Factors such as age, length of time with MS and degree of disability play no part in patients who do or do not feel pain with MS. There are many different types and sources of pain in those with MS.
This is a type of chronic pain and can affect the muscles, ligaments, tendons and bones of a patient.
Musculoskeletal pain is also known as nociceptive pain. Nociceptors are free nerve endings that detect stimuli and interpret them as pain. Nociceptors, protected by myelin, are in all types of body tissue except the brain itself. Musculoskeletal pain is caused by actual tissue damage detected by the nociceptors.
Musculoskeletal pain is not caused by MS, but by MS symptoms. Therefore, musculoskeletal pains are defined as secondary pain. It is often made worse by our inactivity, immobility, spasticity, and posture problems. That is, simply having multiple sclerosis makes MS musculoskeletal pains worse.
Caused by spasticity and pressure on the body, caused by immobility.
1. Heat 2. Massage 3. Ultrasound 4. Physical Therapy
A multidisciplinary clinic may be able to treat chronic, disabling pain with medication in combination with alternative therapies (hypnosis, yoga, meditation, or acupuncture)
Generally speaking, chronic pain is characterized as a pain that is felt consistently for more than six months. Chronic pain can be mild or excruciating, episodic or continuous, merely inconvenient or totally incapacitating.
Different types of pain are managed in different ways, so a careful assessment of the factors that may be contributing to the symptom is necessary in order to find appropriate treatments.
MS related pain, whether acute or chronic, is caused by faulty nerve signals due to lesions as well as the side effects of other MS symptoms such as muscle fatigue.
**Pain varies from person to person in degree, type and frequency. Thus, chronic pain must be treated on an individual basis.**
This is a type of acute pain. It resembles a burning, aching or
These sensations can either be evoked or spontaneous and can resemble a variety of feelings including: burning, wetness, itching, electric shock and pins and needles. These feelings can happen in any bodily tissue, but most often occur in the mouth, scalp, skin or legs.
The pain or abnormal sensations in Dysesthesias is often described as painful feelings of tingling, burning, or numbness. Dysesthesias can simply be described as a burning pain that is worse where touch sensation is poorest.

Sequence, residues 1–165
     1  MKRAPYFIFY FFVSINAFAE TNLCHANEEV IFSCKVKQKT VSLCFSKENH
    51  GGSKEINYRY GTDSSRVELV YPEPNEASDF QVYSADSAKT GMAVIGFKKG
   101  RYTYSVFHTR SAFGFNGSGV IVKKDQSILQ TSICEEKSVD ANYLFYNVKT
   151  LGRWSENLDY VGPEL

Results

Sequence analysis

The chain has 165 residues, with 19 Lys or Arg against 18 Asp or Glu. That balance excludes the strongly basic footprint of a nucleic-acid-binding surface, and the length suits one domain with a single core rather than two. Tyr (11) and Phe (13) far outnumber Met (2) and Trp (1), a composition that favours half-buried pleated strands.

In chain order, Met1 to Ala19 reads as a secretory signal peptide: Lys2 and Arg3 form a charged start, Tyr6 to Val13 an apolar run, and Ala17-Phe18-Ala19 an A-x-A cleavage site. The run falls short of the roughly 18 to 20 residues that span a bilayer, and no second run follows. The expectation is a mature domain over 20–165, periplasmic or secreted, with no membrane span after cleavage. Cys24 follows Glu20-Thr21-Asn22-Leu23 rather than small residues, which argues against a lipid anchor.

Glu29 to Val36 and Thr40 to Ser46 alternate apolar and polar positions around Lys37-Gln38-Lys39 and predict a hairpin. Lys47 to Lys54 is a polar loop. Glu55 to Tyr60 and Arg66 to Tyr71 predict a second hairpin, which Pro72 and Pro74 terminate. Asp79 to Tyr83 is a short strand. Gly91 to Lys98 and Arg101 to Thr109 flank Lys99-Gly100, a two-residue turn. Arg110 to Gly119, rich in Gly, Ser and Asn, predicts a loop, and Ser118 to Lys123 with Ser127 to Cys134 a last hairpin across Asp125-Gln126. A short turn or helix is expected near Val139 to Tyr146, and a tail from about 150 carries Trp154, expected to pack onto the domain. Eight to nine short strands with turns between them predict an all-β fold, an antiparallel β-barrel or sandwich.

Caused by lesions of the nervous system.
1. Neurontin (www.pfizer.com/products/rx/rx_product_neurontin.jsp) 2. Elavil 3. Wearing a pressure stocking or glove 4. Warm compresses 5. Tylenol (www.tylenol.com)
This is a type of acute pain. It resembles a brief, stabbing, electric-shock-like sensation that runs from the back of the head, down the spine into the limbs and is brought on by bending the neck forward.
Lhermitte’s sign is a sudden electric sensation that shoots down the spine and legs when the neck is bent forward, as in looking down. It is not usually treated because it is transitory, but there are ways of managing the pain when it occurs.
Lhermitte’s pain confirms that there is demyelination in the neck area of the spinal cord.
Suggests a lesion of the dorsal columns of the cervical cord or of the caudal medulla.
1. Medicinal therapy – anticonvulsants 2. Soft collar used to limit neck flexion
This is a type of chronic pain and includes muscle spasms or cramps that may occur in people with MS.
The imbalance of signals resulting in spasticity causes hyperactive muscle stretch reflexes, which result in involuntary contractions of the muscle and increased muscle tension.
To diagnose spasticity your doctor will first evaluate your medical history, including what medications you have taken and whether there is a history of neurological or muscular disorders in your family. To confirm the diagnosis of spasticity, several tests can be performed to evaluate arm and leg movements, muscular activity, passive and active range of motion, and ability to perform self-care activities.
Caused by an imbalance of signals from the central nervous system to a person’s muscles. Read more on spasticity (interlink to spasticity symptom page)
1. Lioresal 2. Zanaflex (www.acorda.com/products/zanaflex.aspx) 3. Ibuprofen (www.motrin.com) 4. Regular stretching exercises 5. Balancing water intake with adequate sodium and potassium
This is a type of acute pain and can occur as an initial symptom of MS. It resembles a stabbing pain in the face.
Trigeminal neuralgia is a nerve pain which causes shock-like or burning facial pain. The pain can last from a few seconds to a few minutes, depending on the episode. It is usually felt on one side of the cheek or jaw and rarely both sides at once.
Trigeminal neuralgia can occur in patients with or without MS. In those with MS, TN occurs at a much younger age than those without. A patient’s diagnosis of TN usually occurs much later than the MS diagnosis.
This is a type of neuropathic pain caused by damage to the trigeminal nerve.
1. Tegretol (www.pharma.us.novartis.com/products/tegretol.shtml) 2. Dilantin (www.dilantin.com)